I stumbled upon Jason Little’s blog post, Hacking a Conservative Organization with Lean Coffee at a time when the organization that I worked for was acquired by a competitor. Shortly after the acquisition, I was asked to lead a team of agile coaches for the new (combined) organization. One of the goals of this new team was to support the Software Development organization in building high-performing agile teams. As the agile coaches started to observe the teams within Software Development we realized that the cultures of the organizations being merged were quite different. We knew we were going to have to bring the two cultures together if we were to be successful in meeting our goal. Having read about Jason’s experience with Lean Coffee, we decided to try it and see what happened. We felt that the Lean Coffee format would help teams in their journey towards self-organization while discussing and acting on opportunities to improve.

What did we do?

We put posters up around the office to advertise (very similar to what Jason used) and we held our first Lean Coffee in October. We left the Lean Coffee open to anyone who wanted to participate and the topic open to whatever they wanted to talk about. Our Lean Coffee meetings were held in the office kitchen to encourage an open and inclusive environment. We also had plenty of “walk-through” participants who were simply getting their morning coffee.

The format used for the Lean Coffee was:

  1. Write your topics on a sticky note (one per note)
  2. Put them in the To Discuss column on the table
  3. Dot vote on the topics and put them in priority order based on the results of the vote
  4. Start discussing the first topic with a checkpoint after 8 minutes
  5. Complete Roman voting to determine if the group wants to continue or end the discussion
    • Continue discussing for 5 minutes if the group votes to continue
    • Continue discussing for 2 minutes if there was a tie between the yes and no votes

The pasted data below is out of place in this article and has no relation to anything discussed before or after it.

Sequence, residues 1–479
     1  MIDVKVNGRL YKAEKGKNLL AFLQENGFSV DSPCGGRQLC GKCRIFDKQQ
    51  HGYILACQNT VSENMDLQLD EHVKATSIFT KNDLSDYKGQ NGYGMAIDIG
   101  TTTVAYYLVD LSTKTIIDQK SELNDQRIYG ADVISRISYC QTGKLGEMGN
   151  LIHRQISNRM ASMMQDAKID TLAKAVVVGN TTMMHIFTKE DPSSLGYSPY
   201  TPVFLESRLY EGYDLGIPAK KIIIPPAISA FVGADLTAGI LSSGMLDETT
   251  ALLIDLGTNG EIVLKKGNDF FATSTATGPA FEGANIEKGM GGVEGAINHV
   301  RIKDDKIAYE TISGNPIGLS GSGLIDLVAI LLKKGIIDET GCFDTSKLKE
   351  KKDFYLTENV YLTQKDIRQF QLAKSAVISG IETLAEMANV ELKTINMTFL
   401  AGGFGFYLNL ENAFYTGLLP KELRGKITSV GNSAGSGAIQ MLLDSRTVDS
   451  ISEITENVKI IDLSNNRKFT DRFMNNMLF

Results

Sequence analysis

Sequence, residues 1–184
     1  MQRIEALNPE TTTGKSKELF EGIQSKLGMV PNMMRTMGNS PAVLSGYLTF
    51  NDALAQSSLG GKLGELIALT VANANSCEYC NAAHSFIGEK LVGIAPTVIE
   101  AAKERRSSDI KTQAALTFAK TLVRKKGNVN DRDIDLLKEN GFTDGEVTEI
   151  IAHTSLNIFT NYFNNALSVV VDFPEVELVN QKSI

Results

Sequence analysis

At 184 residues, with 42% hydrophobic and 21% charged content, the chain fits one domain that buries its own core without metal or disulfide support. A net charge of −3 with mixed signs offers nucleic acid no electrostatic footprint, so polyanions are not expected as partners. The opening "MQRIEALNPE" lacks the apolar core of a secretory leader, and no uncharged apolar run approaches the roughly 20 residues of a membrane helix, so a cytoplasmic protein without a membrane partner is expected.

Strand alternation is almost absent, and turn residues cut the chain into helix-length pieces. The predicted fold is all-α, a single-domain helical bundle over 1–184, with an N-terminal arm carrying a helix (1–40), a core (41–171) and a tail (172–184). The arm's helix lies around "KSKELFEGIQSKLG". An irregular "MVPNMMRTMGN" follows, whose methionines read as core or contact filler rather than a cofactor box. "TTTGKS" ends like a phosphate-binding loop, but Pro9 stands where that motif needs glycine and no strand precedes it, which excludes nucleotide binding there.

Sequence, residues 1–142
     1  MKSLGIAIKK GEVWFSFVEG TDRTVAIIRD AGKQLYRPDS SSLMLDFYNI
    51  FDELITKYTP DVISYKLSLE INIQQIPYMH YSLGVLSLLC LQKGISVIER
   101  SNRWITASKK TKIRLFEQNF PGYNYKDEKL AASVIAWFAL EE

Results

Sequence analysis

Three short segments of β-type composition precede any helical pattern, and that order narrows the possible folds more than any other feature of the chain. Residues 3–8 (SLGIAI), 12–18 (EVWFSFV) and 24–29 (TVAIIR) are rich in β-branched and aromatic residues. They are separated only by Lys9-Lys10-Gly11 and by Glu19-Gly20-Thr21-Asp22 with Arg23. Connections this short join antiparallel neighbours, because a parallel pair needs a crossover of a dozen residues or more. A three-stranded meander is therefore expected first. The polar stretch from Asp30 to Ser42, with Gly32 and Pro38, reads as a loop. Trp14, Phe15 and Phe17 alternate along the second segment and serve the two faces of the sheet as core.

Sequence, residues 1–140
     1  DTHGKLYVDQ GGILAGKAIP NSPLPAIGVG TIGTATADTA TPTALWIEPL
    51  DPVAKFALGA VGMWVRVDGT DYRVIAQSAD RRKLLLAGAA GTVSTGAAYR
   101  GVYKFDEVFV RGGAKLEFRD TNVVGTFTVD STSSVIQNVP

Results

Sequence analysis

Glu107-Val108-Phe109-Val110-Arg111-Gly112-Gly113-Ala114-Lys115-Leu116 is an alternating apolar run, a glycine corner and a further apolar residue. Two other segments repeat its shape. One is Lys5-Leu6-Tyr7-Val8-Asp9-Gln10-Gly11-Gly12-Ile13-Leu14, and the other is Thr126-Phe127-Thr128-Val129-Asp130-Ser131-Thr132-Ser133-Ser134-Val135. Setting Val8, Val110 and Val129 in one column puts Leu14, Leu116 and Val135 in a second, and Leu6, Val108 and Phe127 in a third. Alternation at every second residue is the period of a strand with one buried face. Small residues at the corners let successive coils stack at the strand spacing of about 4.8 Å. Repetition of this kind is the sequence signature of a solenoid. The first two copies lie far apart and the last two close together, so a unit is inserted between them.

• Move on to the next topic if the vote was to end the discussion
  6. Repeat steps 4 and 5 until the one hour time-box was reached
  7. Hold a short retrospective at the end of the Lean Coffee

What happened?

There were 16 people at our first Lean Coffee and we discussed everything from database architecture to the upcoming Christmas party. The participants came mostly from the Software Development teams. The energy level throughout the hour was high as participants were engaged in the discussions (the doughnuts likely helped, too). Some were surprised by how much they covered in an hour and the depth they were able to get to in the discussions. Another interesting thing for participants was that they almost exclusively talked about work issues and ideas even though the format was open to any topic.

At the end of each Lean Coffee we asked three questions as part of the 5 minute retrospective:

  • What surprised you about the Lean Coffee meeting?
  • Rate the value you received from the Lean Coffee meeting (1 – being low; 4 – being high)
  • Would you attend a future Lean Coffee meeting?

From this we received very positive feedback on the value of the Lean Coffee meetings as well as an overwhelming response (100% so far) that participants would attend again. We also heard about things we could improve such as scheduling, advertising and room setup.

We have since held 5 more Lean Coffee meetings in various locations, which are attracting higher numbers of participants representing a greater cross-section of the organization.

What were the results?

The best way to sum up the benefits we have received from the Lean Coffee format is that:

People are discussing topics that they know need to be discussed, but which they don’t take the time for in their regular schedule.